Sunday, January 31, 2021

Indie Publishing

 Being an independent publisher, an "indie," has become more and more common in the last decade.  More books, especially ebooks (as opposed to physical books), are now being published by indie authors than by traditional publishing houses.

As they say, the good news is now everyone can be an author.  The bad new is now everyone can be an author.

Traditional publishing houses long functioned as "gatekeepers," publishing only books that they thought were good and that they thought would sell (not necessarily congruent categories).  Everyone heard stories of authors, from JK Rowling to the Bridges of Madison County guy, who were turned down by multiple publishers before hitting it big.  This is because guessing what was going to sell, as well as interjecting one's own taste into decisions about what's good, has always been an inexact science.

So now there are no gatekeepers for indie authors!  Good books can find their readers without anyone else deciding what they'd like!  Or that's the idea.  It doesn't quite work out that way.

It doesn't because of all the things the traditional publishers have always provided that a lot of indie authors can't manage on their own.  They gave books a good editing, to eliminate typos and misspellings (or at least most of them), and to make sure that the heroine didn't have blue eyes in Chapter 1 but brown eyes in Chapter 6, or that the hero didn't overhear all the details of the nefarious plot in Chapter 4, only to be shocked when he "first" hears about it in Chapter 14.

Traditional publishers always gave books attractive, genre-appropriate covers.  One has heard the saying, "Don't judge a book by its cover," but when there are many books to choose from, the one with the intriguing cover gets picked up first.  A cover with a slightly blurry photo of a backyard bird feeder is not going to sell many romance novels, even if in the story Judy and Jason first meet while buying bird seed.  A drawing of a sailboat is not going to inspire lovers of horror novels to pick up the book, even if the Undead Being manifests itself in a boathouse.  And don't get me started on the picture of Mommy and Daddy drawn by a six-year-old.

Here is the cover of my first published fantasy novel, "A Bad Spell in Yurt." It looks like a fantasy cover, and it looks like fun, and it helped make the book a national fantasy best-seller.  I had nothing to do with creating the cover--it was my publisher.  The artist is Tom Kidd.

The other thing traditional publishers have always provided is marketing.  No matter how good a book is, no one will buy it if no one knows it exists.  Publishers were good at getting books into stores, getting them reviewed in major newspapers and magazines, even getting the authors on radio or TV shows.  A lot of indie authors are shocked to discover that writing a good book is only Step One.  That's why it's called indie publishing--they have to be publishers as well as authors.

(In my own case, the eight books that I published traditionally gave me a fan base (we love you, fans!) that has continued into my indie publishing days, so I have a market for my new books, and people ready to recommend my old titles when I republish them.  Most indie authors aren't so lucky.)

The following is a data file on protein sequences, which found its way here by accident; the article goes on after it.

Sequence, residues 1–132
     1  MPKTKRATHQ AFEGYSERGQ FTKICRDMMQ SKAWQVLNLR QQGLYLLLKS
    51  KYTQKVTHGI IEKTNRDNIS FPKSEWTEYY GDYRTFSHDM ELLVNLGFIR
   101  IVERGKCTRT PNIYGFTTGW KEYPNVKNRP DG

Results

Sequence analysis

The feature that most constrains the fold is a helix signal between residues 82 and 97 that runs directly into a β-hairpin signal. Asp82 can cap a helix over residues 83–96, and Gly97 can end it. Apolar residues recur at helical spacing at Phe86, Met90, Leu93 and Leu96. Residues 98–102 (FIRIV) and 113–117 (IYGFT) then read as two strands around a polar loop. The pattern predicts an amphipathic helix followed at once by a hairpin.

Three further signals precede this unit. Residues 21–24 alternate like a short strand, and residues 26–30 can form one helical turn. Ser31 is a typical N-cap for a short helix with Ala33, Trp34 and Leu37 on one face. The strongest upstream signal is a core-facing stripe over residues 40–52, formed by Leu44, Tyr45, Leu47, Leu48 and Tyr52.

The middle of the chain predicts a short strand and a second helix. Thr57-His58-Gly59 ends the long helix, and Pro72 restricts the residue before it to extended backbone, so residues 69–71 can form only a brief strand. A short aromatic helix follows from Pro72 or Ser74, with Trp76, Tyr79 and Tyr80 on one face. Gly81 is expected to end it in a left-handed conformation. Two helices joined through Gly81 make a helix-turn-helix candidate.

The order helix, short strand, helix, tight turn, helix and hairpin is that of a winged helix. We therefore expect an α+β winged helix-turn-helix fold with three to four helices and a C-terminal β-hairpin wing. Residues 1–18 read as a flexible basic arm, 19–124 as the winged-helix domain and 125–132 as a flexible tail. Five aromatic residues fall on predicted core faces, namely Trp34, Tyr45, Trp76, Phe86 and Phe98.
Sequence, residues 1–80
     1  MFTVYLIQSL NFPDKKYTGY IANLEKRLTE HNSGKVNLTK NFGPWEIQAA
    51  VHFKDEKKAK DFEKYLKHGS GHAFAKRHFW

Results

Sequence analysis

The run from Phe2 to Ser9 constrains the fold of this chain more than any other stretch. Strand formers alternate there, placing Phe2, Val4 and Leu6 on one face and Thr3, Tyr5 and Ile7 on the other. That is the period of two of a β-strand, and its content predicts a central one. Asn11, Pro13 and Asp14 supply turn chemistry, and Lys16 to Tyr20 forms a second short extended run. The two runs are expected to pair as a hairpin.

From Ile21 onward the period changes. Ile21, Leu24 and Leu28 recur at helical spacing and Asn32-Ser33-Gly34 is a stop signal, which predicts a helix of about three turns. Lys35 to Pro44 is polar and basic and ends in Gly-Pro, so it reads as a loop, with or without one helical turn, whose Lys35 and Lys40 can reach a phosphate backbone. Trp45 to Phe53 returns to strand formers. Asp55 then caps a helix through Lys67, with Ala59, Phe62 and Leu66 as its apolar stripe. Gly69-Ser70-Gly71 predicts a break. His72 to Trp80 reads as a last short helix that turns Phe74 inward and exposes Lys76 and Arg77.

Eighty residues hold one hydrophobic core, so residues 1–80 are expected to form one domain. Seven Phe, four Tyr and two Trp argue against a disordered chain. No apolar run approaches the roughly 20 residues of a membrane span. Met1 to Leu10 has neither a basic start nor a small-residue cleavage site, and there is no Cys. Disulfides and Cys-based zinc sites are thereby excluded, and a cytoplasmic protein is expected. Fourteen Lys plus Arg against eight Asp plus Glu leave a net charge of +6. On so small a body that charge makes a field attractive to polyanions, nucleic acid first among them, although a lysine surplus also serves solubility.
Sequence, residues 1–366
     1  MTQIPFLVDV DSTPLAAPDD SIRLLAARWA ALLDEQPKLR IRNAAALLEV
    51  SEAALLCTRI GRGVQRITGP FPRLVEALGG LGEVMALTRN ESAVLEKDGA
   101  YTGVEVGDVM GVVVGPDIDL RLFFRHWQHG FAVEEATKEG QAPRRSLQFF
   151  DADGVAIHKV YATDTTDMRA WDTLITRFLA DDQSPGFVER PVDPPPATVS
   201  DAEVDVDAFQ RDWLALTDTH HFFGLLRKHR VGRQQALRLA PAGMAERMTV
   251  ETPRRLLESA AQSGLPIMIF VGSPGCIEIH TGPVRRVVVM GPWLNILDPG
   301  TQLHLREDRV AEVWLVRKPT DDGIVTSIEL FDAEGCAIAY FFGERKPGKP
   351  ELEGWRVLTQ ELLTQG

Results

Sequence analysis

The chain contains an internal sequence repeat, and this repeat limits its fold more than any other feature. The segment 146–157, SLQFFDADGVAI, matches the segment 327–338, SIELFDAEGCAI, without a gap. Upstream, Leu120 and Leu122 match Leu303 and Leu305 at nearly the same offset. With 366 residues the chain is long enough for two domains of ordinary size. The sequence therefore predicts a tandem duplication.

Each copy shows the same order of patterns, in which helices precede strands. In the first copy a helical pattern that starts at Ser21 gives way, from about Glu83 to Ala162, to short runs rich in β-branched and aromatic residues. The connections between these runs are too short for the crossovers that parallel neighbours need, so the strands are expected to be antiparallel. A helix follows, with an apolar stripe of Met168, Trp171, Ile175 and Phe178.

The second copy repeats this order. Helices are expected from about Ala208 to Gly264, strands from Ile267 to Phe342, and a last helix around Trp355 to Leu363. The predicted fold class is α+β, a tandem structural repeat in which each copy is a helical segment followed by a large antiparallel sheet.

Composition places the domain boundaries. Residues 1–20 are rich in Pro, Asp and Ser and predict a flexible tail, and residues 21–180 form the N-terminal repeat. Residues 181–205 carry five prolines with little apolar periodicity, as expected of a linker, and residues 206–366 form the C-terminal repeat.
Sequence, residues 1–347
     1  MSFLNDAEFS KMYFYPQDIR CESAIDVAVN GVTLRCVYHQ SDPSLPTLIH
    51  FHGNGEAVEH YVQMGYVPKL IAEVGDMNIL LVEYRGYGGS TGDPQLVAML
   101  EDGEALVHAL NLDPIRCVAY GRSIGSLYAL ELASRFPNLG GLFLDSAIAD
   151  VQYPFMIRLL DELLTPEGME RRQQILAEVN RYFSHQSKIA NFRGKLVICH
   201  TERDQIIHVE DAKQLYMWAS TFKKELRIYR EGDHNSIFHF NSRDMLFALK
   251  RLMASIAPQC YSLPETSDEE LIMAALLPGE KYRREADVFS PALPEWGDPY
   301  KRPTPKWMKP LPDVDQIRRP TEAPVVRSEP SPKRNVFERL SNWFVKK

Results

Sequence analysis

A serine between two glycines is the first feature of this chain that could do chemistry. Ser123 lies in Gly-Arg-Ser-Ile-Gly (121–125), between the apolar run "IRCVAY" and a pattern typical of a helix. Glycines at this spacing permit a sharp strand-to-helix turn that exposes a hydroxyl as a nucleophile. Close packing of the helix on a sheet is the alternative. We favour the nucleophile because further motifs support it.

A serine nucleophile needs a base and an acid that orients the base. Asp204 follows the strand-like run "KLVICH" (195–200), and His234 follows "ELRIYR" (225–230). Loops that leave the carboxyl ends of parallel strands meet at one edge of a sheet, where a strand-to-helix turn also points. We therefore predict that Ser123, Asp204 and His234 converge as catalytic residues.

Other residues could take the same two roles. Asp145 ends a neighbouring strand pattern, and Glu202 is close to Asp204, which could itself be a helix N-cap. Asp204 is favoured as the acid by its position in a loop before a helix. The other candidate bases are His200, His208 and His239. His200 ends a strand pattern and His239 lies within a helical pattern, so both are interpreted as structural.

The other thing challenging indie authors is how really bad some of the books being published are (as I hinted above), meaning some readers turn their noses up at self-published books.  So far no one has figured out how to install gatekeepers to keep out the sludge without, you know, instituting gatekeepers.

In spite of everything, some indie authors do very well.  One advantage they have is that there really is a market for books almost (but not quite) like best-sellers.  So traditional publishers wouldn't touch stories of teenage romance with a handsome young vampire after Twilight, but a lot of readers wanted such stories, and indie authors provided them.  Traditional publishers were dubious about more stories of a rag-tag group of men, elves, and dwarves off to conquer the Dark Lord, in spite of the success of Lord of the Rings, but indie authors have filled that need.  Harry Potter pretty much exhausted traditional publishers' interest in stories of wizardry schools (though my Bad Spell had a wizards' school long before Harry Potter appeared), but now anyone who wants such a story can find it.

The most popular indie genres are contemporary romance and soft-core erotica.  In both cases, readers are voracious, and a skilled and prolific indie author can keep cranking out books that will sell.  To get their books noticed, of course, they work more than a full-time job (there's a reason a traditional publishing house has dozens or more employees).  Realistically most indie authors will only sell one or two copies ever, including the sale to Mom.  There are plenty of sites on the web that will, "for a small fee," tell you how to make Big Bucks in Passive Income by being an indie publisher.  Do not believe them.  (Though they seem to be making plenty of Big Bucks themselves.)

Some skilled and fortunate (and very hard-working) indie authors gross seven-figure incomes (though they have to pay for covers and editors and advertising out of that).  They are however a tiny fraction of all indie authors.  That hasn't slowed a lot of would-be Bigtime Authors down.  They figure that less than 1% of the US population has died of Covid-19, so they aren't going to worry, yet on the other hand far less than 1% of all indie authors become rich, so they figure, That's me!  Sorry, it doesn't work that way.

Writing a book, finishing it, making it the best you can, successfully formatting and publishing it has got to be its own reward.  Selling copies to strangers who like it is gravy.

© C. Dale Brittain 2021

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